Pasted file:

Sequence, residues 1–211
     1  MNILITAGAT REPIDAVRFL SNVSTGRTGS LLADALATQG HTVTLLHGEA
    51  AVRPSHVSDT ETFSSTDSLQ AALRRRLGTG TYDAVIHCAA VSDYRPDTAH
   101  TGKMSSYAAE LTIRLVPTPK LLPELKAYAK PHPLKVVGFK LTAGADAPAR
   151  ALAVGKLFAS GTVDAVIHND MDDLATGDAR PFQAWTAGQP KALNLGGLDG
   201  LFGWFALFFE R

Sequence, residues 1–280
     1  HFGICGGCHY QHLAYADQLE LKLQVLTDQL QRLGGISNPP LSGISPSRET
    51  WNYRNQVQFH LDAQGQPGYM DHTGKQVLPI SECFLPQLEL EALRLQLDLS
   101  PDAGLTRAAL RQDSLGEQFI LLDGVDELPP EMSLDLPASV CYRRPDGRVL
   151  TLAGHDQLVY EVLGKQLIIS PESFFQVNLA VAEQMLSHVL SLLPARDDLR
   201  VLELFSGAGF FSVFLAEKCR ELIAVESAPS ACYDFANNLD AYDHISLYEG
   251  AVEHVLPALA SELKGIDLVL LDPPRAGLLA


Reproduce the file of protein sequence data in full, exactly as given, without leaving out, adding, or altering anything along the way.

Sequence, residues 1–211
     1  MNILITAGAT REPIDAVRFL SNVSTGRTGS LLADALATQG HTVTLLHGEA
    51  AVRPSHVSDT ETFSSTDSLQ AALRRRLGTG TYDAVIHCAA VSDYRPDTAH
   101  TGKMSSYAAE LTIRLVPTPK LLPELKAYAK PHPLKVVGFK LTAGADAPAR
   151  ALAVGKLFAS GTVDAVIHND MDDLATGDAR PFQAWTAGQP KALNLGGLDG
   201  LFGWFALFFE R

Sequence, residues 1–280
     1  HFGICGGCHY QHLAYADQLE LKLQVLTDQL QRLGGISNPP LSGISPSRET
    51  WNYRNQVQFH LDAQGQPGYM DHTGKQVLPI SECFLPQLEL EALRLQLDLS
   101  PDAGLTRAAL RQDSLGEQFI LLDGVDELPP EMSLDLPASV CYRRPDGRVL
   151  TLAGHDQLVY EVLGKQLIIS PESFFQVNLA VAEQMLSHVL SLLPARDDLR
   201  VLELFSGAGF FSVFLAEKCR ELIAVESAPS ACYDFANNLD AYDHISLYEG
   251  AVEHVLPALA SELKGIDLVL LDPPRAGLLA